Why do you think he allowed access at the end of his life?
We had a very strong communication. He liked me, and I not only liked, but respected him, and I think he was the most spiritual person I’ve ever met. And I think he may have had some feeling that I wouldn’t misuse this. At that time it was difficult for him to have people understand what he was doing. He was a severe critic of the Vatican. He regularly wrote and gave television interviews about the priest scandals, about a murder in Vatican City, other problems he had with the church, and they never touched him. He also wrote about things that he thought weren’t very good, like Harry Potter and stuff like that.

But he did like The Exorcist a lot.
Because of what I said. He thought it helped people to understand what he did, and I gave him an Italian copy of it, a DVD. And so he allowed me to film this. I didn’t know what I would ever do with it or anything.

Oh, so there was no intent to distribute this when you made it?
No! I thought, “I’m doing this because I can with my own camera on my own nickel.” I didn’t know what I would ever do with it, if anything. I didn’t know what it would be. I had never seen, obviously, an exorcism before I made the film, but after I filmed it I decided I would take it to four of the leading brain surgeons in the country, including the guy who is in charge of the brain-mapping project where they codify and identify the problem areas of the brain; and three brain surgeons, one from Israel; and some of the leading psychiatrists in the country. One was the editor of the DSM-IV, the other the DSM-V, the head of the Columbia School of Psychiatry, and the head of the New York Psychiatric Association.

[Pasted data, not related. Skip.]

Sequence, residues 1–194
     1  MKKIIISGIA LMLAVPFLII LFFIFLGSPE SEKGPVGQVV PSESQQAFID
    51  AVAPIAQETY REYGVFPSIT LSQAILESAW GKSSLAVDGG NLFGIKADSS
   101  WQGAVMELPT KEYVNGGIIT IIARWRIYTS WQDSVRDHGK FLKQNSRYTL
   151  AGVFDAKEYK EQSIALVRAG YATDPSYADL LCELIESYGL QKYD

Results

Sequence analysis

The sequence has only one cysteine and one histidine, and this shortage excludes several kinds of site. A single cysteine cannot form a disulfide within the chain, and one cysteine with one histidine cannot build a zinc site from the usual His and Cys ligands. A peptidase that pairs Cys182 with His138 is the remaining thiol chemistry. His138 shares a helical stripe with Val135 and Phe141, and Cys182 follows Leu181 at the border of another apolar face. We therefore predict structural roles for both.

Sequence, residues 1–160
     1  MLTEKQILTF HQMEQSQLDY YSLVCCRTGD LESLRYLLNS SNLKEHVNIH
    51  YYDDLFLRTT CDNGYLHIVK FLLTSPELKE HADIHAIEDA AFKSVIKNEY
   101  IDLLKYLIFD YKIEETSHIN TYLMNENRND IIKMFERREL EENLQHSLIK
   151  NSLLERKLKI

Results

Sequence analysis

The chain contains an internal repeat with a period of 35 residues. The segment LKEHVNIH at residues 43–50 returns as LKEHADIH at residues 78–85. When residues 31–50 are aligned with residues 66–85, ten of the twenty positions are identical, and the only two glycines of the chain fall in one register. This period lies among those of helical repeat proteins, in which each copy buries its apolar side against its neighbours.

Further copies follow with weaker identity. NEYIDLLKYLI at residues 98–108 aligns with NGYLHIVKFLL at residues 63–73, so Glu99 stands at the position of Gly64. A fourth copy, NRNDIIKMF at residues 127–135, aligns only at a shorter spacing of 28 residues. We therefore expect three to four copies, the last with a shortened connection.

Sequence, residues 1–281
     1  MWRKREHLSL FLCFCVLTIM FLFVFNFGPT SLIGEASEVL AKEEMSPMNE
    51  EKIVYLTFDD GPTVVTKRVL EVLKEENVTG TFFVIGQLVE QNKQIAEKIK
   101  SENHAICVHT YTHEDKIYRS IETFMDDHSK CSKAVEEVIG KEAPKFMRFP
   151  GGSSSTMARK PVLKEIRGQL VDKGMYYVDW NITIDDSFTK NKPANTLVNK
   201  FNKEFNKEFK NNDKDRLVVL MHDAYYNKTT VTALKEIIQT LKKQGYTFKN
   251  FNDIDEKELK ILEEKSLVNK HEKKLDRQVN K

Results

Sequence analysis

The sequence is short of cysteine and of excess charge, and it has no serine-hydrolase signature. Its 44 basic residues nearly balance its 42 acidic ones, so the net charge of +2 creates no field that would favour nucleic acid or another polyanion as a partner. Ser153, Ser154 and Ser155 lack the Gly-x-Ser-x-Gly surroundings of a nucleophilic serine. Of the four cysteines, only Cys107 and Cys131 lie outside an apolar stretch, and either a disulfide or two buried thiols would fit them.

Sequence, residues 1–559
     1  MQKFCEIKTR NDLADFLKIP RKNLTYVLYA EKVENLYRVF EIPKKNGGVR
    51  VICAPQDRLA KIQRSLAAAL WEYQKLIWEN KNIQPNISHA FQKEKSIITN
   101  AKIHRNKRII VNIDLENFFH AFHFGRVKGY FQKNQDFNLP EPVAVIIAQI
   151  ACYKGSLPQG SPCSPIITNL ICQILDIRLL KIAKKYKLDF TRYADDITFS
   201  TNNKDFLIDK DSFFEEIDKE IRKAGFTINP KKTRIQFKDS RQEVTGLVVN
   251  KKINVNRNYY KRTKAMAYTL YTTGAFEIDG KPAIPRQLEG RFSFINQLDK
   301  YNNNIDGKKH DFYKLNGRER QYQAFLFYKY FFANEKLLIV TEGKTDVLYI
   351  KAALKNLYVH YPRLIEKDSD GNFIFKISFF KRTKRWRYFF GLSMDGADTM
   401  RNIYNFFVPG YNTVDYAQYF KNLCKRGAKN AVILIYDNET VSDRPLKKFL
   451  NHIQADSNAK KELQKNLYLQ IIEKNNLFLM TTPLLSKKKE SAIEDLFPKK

Did you think they would be more dismissive of what you were asking them to consider?
They were black and white. The psychiatrists in the DSM-IV and V now recognize demonic possession. It’s called dissociative identity disorder, demonic possession, and if someone comes in and thinks they’re possessed they don’t say, “You’re not possessed. We’ll give you some medication and some therapy.” They give them therapy and medication, and an exorcist. There are very few such cases, but they do exist here, and the brain surgeons had no idea what this was, which shocked me. They said they would not give this woman an MRI. There’s no point. While everything originates in the brain, this wasn’t a problem in her brain. This wasn’t something they could operate and remove. This wasn’t a lesion in the temporal lobe, or epilepsy.

You asked one of the doctors in your documentary what his relationship with God was. So what’s yours?
I’m interested in Jesus. I’m not a Catholic, but I’m interested in Jesus, yes. I strongly believe in the teachings of Jesus as expressed in the New Testament, by the people who wrote the gospels and Paul. I’m not a Catholic. I don’t know anything, but neither does anyone else. No one knows anything about the eternal mysteries, how we got here, why we’re here, is there an afterlife. Is there a heaven and a hell? Who knows? Recently the pope was quoted as saying there’s no hell, and he didn’t walk it back, but the church did. I don’t know if there’s a hell. Neither does he!